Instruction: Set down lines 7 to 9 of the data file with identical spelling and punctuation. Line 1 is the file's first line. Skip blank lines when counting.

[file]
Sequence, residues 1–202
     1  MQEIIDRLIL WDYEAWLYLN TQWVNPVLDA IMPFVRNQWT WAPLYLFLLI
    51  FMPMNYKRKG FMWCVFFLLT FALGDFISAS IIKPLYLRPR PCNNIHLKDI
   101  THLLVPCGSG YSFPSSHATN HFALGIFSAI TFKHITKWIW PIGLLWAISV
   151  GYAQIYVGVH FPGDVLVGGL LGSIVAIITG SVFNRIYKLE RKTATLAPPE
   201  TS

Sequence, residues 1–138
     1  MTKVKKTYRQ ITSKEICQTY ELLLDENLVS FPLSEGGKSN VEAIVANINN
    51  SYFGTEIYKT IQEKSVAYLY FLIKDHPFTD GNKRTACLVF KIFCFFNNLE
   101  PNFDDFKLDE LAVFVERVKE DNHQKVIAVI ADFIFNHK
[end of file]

Sequence, residues 1–138
     1  MTKVKKTYRQ ITSKEICQTY ELLLDENLVS FPLSEGGKSN VEAIVANINN
    51  SYFGTEIYKT IQEKSVAYLY FLIKDHPFTD GNKRTACLVF KIFCFFNNLE